An alternative to the Lewisian view of conventions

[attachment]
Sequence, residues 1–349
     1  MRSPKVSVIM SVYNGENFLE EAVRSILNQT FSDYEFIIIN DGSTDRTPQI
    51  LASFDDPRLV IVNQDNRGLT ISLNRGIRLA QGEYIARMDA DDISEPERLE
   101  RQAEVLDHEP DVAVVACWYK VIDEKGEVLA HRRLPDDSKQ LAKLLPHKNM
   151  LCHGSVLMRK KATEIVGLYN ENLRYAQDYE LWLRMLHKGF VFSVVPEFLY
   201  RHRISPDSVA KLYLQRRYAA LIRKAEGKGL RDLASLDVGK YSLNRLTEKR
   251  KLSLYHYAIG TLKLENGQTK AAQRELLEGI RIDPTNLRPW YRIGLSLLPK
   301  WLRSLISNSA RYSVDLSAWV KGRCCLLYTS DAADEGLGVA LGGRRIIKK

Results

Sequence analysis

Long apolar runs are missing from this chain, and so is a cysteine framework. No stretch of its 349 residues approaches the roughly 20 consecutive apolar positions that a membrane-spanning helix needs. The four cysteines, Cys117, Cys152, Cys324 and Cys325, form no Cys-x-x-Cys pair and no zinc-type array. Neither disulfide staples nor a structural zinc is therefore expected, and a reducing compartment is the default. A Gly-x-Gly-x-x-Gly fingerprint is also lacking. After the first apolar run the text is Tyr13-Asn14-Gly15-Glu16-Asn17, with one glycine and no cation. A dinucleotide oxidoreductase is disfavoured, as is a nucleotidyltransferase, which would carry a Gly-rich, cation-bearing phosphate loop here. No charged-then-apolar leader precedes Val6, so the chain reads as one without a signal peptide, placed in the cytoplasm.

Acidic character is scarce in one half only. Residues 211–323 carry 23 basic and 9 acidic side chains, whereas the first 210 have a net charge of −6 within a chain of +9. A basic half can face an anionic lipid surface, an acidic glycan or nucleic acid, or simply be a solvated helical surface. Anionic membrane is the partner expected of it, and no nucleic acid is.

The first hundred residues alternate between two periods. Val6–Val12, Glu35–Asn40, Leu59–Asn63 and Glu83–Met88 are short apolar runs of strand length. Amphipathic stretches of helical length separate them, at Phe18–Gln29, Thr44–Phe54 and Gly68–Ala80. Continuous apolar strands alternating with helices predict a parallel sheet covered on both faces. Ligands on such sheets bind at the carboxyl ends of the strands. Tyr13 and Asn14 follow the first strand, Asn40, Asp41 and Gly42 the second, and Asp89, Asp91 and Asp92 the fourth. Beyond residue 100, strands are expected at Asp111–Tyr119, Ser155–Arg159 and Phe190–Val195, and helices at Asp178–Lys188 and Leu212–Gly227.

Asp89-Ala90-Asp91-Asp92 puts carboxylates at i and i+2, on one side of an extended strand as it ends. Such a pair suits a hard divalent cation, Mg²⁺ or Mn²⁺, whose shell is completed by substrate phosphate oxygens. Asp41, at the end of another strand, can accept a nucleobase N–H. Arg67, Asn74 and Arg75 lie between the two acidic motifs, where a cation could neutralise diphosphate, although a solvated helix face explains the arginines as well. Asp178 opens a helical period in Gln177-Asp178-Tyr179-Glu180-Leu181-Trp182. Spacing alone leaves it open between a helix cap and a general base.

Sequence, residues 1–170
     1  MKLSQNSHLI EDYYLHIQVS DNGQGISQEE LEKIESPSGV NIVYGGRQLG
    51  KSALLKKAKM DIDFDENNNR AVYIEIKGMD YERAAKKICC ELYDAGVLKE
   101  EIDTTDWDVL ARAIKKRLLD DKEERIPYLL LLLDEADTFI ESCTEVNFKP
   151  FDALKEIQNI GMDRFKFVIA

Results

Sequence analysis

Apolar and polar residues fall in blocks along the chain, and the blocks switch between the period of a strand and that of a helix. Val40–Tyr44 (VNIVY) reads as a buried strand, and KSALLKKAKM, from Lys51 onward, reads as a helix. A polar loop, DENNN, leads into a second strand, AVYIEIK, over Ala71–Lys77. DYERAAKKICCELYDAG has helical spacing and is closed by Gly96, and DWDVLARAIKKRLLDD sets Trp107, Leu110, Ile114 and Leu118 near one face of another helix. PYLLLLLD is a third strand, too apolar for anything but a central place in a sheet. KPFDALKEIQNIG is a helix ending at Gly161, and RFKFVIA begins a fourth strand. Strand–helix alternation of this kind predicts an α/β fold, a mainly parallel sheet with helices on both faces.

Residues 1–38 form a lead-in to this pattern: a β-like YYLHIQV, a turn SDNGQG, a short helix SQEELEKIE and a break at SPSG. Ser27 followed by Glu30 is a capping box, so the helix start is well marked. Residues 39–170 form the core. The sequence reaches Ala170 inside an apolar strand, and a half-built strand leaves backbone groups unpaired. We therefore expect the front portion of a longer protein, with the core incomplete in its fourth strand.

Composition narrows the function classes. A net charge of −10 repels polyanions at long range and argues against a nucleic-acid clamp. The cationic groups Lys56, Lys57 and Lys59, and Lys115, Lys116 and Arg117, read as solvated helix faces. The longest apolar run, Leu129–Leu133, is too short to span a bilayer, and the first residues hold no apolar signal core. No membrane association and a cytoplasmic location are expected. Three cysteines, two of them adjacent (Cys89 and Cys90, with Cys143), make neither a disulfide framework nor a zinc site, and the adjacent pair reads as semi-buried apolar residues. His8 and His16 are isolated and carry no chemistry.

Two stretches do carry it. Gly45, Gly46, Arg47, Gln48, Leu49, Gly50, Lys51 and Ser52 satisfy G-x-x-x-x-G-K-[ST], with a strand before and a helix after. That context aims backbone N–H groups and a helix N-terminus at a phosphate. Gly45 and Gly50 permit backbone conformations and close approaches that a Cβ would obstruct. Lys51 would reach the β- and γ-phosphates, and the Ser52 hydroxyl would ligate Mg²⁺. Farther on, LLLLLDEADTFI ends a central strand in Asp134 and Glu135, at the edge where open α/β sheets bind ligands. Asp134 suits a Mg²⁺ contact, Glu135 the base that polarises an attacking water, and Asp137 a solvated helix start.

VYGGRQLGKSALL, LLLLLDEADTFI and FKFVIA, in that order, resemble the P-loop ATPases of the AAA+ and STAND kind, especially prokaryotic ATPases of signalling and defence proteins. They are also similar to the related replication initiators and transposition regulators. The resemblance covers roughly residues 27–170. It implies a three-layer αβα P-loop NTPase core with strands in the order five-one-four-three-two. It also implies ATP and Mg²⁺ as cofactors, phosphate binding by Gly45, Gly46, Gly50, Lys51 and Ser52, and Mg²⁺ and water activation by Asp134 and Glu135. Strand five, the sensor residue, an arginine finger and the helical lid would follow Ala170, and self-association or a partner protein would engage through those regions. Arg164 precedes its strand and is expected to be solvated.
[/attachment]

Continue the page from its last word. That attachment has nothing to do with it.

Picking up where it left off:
AbstractLewis (1969) characterises conventions as regularities that arise from recurrent coordination games. I argue, contra Lewis, that conventions are rules that promote a relevant goal in virtue of coordinating our behaviour. I demonstrate the virtues of this view by showing that it provides an elegant way of dealing with four basic objections to Lewis’s view, namely that Lewis requires agents to understand their own situation too well, that his view robs conventions of explanatory force, that it mischaracterises cases where someone has non-prudential reasons to follow a convention, and that it mischaracterises situations where the relevant behaviour is non-uniform.
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